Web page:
Do you know who the Mannings on Mondays might be good for? Steve Levy, Brian Griese and Louis Riddick, who are ESPN’s main broadcast crew.
While it may be counterintuitive that Peyton and Eli’s mostly positive reaction for their ESPN2 MNF debut would be a boon for the main team, the brothers take the focus off Levy, Griese and Riddick. That may sound like an insult — it’s not — but it may help them maintain their jobs long-term.
First off, it allows the trio to grow together. Last year, under the spotlight and with the restrictions of the pandemic, they were rookies and, while not amazing, did somewhat stabilize MNF. This year, the Mannings are taking the shine, which can give them a chance to just do a game – and not try to overdo it. This has been a problem for ESPN’s main booth for years; especially when it had poor games.
Plus, while the trio is being paid well, I doubt ESPN, at least in the near term, is going to be eager to spend big for outside help on the main booth when it is getting nice buzz by paying the Mannings millions to do jazzed-up Zooms.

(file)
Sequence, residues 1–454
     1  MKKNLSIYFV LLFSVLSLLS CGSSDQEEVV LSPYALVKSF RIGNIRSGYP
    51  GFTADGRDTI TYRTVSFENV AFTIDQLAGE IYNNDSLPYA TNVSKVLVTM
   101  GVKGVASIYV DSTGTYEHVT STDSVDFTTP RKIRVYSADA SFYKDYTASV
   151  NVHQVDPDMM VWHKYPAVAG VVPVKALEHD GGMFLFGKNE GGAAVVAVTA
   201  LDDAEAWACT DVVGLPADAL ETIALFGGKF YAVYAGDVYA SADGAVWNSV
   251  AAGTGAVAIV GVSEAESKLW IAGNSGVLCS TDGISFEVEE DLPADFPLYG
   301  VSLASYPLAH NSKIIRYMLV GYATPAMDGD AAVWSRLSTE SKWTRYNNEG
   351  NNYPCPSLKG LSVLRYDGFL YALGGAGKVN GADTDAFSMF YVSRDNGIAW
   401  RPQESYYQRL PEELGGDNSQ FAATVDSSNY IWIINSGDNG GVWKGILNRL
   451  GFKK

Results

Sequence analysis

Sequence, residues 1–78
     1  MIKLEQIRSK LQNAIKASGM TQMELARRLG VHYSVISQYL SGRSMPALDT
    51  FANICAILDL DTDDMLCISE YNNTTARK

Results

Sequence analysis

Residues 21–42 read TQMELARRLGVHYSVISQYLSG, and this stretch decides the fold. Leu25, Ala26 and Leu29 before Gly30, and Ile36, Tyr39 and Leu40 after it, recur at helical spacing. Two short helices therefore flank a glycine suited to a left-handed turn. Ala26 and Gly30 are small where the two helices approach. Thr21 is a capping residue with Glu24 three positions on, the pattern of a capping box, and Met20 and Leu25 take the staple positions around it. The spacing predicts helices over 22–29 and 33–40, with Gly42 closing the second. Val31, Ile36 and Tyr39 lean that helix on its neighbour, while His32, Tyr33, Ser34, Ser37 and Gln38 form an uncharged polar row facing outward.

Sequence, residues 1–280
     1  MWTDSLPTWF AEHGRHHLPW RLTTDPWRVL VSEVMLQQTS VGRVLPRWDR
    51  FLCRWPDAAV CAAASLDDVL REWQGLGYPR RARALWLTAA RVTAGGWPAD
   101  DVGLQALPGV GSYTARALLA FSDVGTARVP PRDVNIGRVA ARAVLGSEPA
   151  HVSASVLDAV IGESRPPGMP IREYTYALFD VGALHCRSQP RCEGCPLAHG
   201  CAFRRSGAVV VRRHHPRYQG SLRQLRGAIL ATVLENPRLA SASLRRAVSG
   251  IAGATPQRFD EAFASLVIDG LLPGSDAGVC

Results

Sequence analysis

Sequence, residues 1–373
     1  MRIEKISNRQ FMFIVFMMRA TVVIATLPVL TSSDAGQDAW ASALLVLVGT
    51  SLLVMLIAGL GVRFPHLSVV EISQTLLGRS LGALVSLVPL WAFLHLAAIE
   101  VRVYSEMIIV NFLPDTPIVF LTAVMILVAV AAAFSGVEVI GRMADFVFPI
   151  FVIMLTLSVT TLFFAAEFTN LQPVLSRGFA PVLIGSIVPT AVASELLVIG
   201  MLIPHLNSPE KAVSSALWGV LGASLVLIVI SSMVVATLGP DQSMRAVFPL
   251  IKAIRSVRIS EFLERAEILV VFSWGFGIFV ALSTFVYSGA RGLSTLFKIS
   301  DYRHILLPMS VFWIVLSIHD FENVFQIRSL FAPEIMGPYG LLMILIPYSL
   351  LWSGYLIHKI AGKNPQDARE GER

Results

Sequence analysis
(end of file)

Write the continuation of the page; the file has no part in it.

The MNF booth has been a revolving door for years. It is a spotlight game, even if the matchups sometimes don’t warrant it.
If you are trying to grow and establish yourselves, having the Mannings take attention away is not the worst thing if you want a long run. It might just be the best thing for Levy, Griese and Riddick.
Papa Clicker says that Leigh Montville’s “Tall Men, Short Shorts” is a combination of the stories of the 1969 NBA Finals between the Celtics and the Lakers and the author’s introduction to the world of sports writing as a young reporter at the Boston Globe. The book highlights the roles of Wilt Chamberlain, Bill Russell, Jerry West and Elgin Baylor, among others.
This well-written book is a worthy read earning a very strong 4.4 out of 5 clickers. If you don’t believe Papa Clicker, you can trust Mike Vaccaro, who is featured on the book jacket, recommending it.